Massachusetts Medical Society: MMS Physician-to-Physician Mentorship Pilot Program Takes Off!

MMS Physician-to-Physician Mentorship Pilot Program Takes Off!

Mentorship Illustration
Illustration by Chris Twichell

The members of the Massachusetts Medical Society are its most valuable asset. With two critical strategic MMS priorities being leadership development and member engagement, the MMS launched a pilot one-on-one mentorship program earlier this calendar year. The purpose of the pilot was to test the new program’s ability to match early-career MMS members with experienced physician mentors who could provide guidance for professional and personal development toward overcoming obstacles, and ultimately toward finding satisfaction and success in their careers.

Dr. Faith Omede
Dr. Faith Omede

Response of mentors and mentees at the conclusion of the pilot suggests the start of a program that has staying power. “I jumped on the opportunity to create time to connect with someone,” says Faith Omede, MD, a primary care physician and addiction medicine specialist in the Mass General Brigham (MGB) North Shore Physicians Group. He graduated from medical school outside the United States and then completed an internal medicine residency and an addiction medicine fellowship with MGB hospitals. Once in practice, he felt a lack of work colleagues. “A lot of time we’re siloed, and I didn’t connect much with others,” Dr. Omede explains. “I wanted to expand my reach with physicians in other systems.”

“ . . .Realizing You’re Not Alone and Can Speak About Issues”

His mentor was Hugh Taylor, MD, a board-certified family physician who has practiced at Beverly Hospital for nearly 40 years. In monthly in-person meetings, Dr. Omede shared what was on his mind.

Dr. Hugh Taylor
Dr. Hugh Taylor

“My experience with the mentorship was realizing you’re not alone and can speak about issues. You can grab a cup of coffee and talk about these things,” Dr. Omede says. “Gleaning from [Dr. Taylor’s] experience and wisdom, I learned ways to deal with work-life balance.”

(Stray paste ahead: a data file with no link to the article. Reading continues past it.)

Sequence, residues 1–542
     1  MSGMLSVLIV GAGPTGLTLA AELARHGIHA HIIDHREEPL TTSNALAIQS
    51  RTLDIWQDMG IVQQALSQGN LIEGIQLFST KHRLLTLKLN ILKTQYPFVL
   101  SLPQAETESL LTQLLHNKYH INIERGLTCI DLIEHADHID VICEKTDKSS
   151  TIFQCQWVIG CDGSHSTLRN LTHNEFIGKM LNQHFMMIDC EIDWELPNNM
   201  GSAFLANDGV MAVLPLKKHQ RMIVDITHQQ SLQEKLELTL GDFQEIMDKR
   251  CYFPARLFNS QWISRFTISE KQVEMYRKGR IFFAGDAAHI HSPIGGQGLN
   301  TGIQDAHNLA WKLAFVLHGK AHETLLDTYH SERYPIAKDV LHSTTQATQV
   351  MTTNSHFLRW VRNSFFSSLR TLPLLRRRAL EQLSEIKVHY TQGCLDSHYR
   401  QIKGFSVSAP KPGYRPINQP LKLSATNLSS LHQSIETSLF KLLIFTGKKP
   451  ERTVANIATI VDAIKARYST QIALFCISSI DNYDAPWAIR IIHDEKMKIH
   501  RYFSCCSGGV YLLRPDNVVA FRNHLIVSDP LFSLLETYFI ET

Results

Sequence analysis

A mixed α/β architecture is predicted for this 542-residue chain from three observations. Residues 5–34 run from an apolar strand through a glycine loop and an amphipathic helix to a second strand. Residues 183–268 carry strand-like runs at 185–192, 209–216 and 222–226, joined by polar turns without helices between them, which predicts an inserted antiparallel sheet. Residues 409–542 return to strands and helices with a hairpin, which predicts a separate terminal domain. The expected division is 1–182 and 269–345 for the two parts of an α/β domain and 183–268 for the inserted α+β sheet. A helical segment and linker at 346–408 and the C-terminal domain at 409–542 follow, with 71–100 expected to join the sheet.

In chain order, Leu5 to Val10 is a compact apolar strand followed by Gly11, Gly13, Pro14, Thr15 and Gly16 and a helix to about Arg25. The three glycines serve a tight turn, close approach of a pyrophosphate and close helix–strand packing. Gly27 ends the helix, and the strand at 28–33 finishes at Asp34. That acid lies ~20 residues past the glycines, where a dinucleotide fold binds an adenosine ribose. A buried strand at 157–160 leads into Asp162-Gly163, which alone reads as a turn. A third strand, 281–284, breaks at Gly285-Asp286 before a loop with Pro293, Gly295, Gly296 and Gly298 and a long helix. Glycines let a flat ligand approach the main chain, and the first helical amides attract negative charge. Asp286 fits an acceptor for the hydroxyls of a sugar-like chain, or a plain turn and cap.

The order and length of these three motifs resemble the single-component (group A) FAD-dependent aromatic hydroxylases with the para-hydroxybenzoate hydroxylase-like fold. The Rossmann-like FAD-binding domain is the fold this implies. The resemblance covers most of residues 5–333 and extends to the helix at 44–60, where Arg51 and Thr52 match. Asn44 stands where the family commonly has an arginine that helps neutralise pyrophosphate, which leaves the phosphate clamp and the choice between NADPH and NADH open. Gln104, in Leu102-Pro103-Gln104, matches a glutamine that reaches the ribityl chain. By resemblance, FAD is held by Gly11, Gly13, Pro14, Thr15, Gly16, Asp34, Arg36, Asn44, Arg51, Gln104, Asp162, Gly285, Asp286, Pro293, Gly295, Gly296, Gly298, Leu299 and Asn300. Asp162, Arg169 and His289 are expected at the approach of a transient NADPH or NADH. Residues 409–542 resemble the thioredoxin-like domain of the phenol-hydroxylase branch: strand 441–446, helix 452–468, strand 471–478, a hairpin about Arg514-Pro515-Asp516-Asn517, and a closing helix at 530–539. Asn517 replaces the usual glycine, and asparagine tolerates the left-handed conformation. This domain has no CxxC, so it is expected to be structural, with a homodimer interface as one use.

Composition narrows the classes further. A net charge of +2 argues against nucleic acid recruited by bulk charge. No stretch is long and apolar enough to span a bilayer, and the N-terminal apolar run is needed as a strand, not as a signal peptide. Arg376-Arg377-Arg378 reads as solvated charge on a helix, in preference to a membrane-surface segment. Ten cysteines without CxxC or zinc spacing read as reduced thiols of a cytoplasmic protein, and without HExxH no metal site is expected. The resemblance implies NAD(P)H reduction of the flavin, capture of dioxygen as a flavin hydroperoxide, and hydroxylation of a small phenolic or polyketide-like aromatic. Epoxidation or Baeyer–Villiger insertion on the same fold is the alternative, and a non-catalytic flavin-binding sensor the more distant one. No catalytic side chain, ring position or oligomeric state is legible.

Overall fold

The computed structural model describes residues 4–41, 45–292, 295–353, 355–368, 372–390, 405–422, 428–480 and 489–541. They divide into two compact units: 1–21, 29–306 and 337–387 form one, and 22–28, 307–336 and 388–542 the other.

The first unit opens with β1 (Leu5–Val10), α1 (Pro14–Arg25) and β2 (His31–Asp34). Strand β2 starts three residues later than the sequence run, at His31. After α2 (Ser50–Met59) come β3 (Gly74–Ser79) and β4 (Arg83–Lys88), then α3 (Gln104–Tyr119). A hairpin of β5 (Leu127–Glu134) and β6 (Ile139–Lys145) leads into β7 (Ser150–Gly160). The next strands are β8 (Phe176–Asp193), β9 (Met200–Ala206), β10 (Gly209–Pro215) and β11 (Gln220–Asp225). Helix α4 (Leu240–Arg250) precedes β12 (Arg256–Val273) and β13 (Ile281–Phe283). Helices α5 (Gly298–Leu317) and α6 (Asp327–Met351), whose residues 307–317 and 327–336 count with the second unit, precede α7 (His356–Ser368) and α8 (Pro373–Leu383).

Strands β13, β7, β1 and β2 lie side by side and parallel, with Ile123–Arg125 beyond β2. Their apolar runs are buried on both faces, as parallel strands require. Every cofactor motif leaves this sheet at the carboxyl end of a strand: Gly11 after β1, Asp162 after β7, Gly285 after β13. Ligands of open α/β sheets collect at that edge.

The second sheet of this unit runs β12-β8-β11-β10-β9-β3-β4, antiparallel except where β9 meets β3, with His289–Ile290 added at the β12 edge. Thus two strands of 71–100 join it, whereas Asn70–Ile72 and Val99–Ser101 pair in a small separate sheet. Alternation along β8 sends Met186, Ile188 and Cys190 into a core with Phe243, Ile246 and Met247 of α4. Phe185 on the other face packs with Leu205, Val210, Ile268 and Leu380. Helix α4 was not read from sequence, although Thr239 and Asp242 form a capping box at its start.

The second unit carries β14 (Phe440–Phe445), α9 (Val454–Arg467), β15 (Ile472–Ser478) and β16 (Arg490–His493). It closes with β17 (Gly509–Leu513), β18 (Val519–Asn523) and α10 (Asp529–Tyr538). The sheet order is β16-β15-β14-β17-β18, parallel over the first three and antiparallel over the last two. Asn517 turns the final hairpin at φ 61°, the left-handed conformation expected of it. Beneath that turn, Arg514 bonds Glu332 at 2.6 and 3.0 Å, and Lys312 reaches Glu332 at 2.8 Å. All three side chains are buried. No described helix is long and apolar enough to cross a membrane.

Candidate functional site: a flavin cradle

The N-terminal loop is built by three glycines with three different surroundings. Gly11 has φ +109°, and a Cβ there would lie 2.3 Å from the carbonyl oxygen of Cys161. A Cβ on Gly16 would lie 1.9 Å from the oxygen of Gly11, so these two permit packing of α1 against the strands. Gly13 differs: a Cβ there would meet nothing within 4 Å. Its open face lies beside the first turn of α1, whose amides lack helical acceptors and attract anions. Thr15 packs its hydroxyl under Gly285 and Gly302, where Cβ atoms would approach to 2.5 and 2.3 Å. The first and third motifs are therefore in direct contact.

Dr. Taylor, the current MMS president-elect, says, “We discussed his professional situations, what his goals are, and the available accelerators and blocks to his goals.”

Such frank conversations with a mentor, Dr. Omede says, “may [even] be a way to tackle burnout. It improves your quality of life to be able to draw on a mentor’s wisdom and to be able to share in confidence.”

The MMS has a long history of informal mentoring for its members. Be it an experienced MMS committee member who helps a new committee member become familiar with writing proposed policy; a District or Section member who introduces an early-career physician to the leadership opportunities available in organized medicine; or a resident who advises a medical student on matching into a specific specialty, MMS members readily share their experience with those who welcome it.

More targeted opportunities for mentorship have also evolved, with the MMS, its Women Physicians Section, Committee on Diversity in Medicine, Minority Affairs Section, Committee on Senior Physicians, and other groups offering panel sessions, round tables, and networking events for members to meet and learn from each other.

Match-Making Algorithms Paired Mentors and Mentees

In 2022, these same sections/committees, plus the MMS Committee on LGBTQ Matters, Early Career Physician Section, International Medical Graduates Section, Resident and Fellow Section, and Medical Student Section, were each asked to appoint a representative to a short-term MMS Advisory Council that would guide the implementation of a formalized pilot mentoring program.